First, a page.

How to use a Norwegian cottage?

How to use a Norwegian cottage?

Norway is a small country, where a growing multi ethnicity and internationalization result in a strong need to define the «typically Norwegian», before it is lost forever. «Typically Norwegian» is widely understood as something only original Norwegians can truly appreciate, such as skiing, hiking, not to mention a Sunday stroll in the woods. The activity regarded as the holiest of the holy is the cottage holiday.

norwegian cottage

As many as 400 000 cottages dot the Norwegian countryside, from simple huts with no electricity or running water, to huge palaces worth at least a million euro. Many Norwegian families own a cottage in the mountains or by the sea, and those who don’t can hire one through an agency. Many companies own cottages as well, making them available to their employees as a part of their employee welfare measures. A sedentary cottage holiday is a usual way to spend holidays, especially for families with small children and for senior citizens. The sporty types can choose to hike or ski along one of Norway’s countless medium- or long-distance trails, spending the nights at the cottages run by the Norwegian Trekking Association.
A cottage is not only a building; it is an institution, the focal point of a family holiday, with its own taboos and a set framework of rules. In the 2007 documentary «Norwegian for beginners», shown on the national TV, four of our «pet foreigners» (doesn’t every Old World country have a few of them?) set out for a winter week-end in a simple cottage in the mountains. During the entire 30-minutes episode the viewers could chuckle at the girls’ in observance of the cottage rules, starting with one of them packing high-heeled shoes and a dress in case there was some dancing involved, and ending with two of the girls nearly dying of exhaustion on a few hundred meters’ trip to fetch water from a hole in the ice. In contrast to those hot-blooded foreigners, the «real» Norwegians suck the do’s and don’ts of the cottage holiday with their mothers’ milk. They know what the off-limits items are (makeup, skirts, dresses, nice clothes, elegant shoes), and they always remember to pack the necessities (wellingtons, mosquito repellent, warm, old clothes and a torch). Hiking, fishing, and long evenings with a good book or a game of cards in front of the fireplace are typical activities, with absolutely no dancing on the agenda.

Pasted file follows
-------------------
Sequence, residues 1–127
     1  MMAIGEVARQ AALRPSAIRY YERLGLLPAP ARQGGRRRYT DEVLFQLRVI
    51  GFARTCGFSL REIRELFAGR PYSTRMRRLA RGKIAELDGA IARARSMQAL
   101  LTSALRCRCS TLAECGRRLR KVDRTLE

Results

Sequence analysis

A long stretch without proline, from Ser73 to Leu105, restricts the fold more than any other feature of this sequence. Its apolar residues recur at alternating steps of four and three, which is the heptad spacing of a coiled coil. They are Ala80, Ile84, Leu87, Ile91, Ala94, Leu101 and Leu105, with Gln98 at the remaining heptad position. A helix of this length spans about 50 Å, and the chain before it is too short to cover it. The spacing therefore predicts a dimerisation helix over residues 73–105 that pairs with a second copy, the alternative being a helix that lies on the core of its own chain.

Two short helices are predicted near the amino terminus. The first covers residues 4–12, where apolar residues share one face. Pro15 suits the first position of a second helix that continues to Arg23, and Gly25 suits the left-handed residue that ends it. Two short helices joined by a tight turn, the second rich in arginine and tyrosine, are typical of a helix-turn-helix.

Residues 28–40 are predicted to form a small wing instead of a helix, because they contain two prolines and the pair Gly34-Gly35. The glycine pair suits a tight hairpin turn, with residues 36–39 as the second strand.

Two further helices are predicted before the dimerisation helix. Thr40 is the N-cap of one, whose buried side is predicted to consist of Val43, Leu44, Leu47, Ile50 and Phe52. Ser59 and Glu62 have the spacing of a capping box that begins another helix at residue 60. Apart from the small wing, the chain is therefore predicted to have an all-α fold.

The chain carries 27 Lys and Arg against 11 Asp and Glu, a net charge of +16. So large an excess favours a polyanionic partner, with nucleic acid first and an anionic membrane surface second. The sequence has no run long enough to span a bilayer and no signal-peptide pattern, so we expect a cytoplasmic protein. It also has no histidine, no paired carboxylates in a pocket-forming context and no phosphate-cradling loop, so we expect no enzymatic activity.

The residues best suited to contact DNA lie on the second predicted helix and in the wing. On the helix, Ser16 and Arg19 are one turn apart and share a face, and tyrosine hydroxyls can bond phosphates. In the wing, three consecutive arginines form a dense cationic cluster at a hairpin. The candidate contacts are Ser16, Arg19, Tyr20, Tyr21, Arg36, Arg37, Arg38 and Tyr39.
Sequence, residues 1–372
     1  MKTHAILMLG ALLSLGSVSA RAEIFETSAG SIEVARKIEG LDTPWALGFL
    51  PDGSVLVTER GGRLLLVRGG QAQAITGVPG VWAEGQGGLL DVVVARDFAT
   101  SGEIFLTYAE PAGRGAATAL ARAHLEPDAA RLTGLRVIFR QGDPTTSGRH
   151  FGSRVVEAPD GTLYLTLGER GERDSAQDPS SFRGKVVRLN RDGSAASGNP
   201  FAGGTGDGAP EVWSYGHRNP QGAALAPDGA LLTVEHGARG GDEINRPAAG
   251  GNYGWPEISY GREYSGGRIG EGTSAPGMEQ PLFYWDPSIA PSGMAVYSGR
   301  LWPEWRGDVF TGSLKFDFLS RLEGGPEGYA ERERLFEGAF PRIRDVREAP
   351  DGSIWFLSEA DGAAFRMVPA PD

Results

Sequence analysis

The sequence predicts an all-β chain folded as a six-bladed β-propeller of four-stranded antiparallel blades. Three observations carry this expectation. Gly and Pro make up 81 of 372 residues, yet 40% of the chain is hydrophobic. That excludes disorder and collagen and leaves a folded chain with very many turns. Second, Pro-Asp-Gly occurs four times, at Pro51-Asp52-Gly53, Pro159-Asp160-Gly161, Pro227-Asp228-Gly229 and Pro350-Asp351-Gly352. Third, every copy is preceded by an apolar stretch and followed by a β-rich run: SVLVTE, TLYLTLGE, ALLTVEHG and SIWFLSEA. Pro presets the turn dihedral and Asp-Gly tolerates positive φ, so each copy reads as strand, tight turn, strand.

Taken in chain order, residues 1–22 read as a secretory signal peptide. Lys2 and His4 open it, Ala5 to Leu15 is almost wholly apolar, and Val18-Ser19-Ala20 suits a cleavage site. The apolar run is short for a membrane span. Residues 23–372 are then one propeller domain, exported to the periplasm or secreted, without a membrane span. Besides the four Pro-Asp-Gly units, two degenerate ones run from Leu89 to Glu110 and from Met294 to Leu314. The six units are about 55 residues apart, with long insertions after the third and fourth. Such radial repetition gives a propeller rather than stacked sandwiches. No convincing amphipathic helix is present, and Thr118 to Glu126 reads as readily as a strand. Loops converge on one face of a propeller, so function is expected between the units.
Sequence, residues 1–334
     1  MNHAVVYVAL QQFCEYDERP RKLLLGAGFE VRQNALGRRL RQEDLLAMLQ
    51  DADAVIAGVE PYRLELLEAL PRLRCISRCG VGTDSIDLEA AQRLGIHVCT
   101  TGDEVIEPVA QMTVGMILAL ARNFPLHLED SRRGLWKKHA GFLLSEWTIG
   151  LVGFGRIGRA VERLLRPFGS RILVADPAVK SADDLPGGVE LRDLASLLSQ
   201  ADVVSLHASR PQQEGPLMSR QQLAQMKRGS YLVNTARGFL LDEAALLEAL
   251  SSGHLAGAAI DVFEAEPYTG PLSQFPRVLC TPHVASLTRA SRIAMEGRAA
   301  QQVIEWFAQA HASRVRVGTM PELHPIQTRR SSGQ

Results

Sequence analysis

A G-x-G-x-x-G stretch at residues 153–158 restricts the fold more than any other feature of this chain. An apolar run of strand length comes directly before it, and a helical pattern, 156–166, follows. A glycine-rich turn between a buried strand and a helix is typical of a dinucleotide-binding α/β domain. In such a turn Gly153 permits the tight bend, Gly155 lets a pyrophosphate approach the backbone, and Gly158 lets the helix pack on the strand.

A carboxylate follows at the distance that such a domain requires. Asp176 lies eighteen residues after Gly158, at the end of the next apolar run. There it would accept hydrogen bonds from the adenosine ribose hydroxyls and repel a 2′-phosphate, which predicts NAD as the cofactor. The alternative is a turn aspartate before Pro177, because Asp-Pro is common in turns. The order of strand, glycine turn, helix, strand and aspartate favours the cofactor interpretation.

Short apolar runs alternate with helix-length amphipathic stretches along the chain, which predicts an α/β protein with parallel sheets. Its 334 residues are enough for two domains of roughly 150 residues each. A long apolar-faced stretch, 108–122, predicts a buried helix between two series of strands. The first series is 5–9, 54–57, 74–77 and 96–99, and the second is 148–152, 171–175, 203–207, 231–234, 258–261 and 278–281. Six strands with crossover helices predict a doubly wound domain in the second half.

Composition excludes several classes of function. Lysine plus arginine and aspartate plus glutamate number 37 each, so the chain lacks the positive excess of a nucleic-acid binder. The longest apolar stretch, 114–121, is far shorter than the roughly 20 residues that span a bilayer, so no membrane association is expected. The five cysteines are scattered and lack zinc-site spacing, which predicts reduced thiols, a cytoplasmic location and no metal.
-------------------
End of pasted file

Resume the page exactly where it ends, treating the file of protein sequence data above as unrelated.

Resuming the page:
The cottage holiday is such a patriotic act nobody really dares to complain too loudly about the rainy, cold days, mosquitoes, or the smelly outhouse. With their log walls, hand-woven rugs, rose-painted furniture, and small troll figurines, the interior of most of the cottages is so explicitly inspired by the romantic nationalism it borders to utter kitsch. It is as if the true Norwegian spirit, hidden deeply behind a modern facade of a city dweller, finally broke free to shape the surroundings to its liking. For a foreigner, the cottage is THE place to experience the real Norway. For Norwegians, it’s one of the last stands of the dying traditional culture of this once so rural and isolated country. For everybody, it’s a great way to relax and recharge batteries before returning to the crazy pace of the modern, international community of the big cities.

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How to use a Norwegian cottage? How to use a Norwegian cottage? Reviewed by Zahir Style on August 08, 2019 Rating: 5

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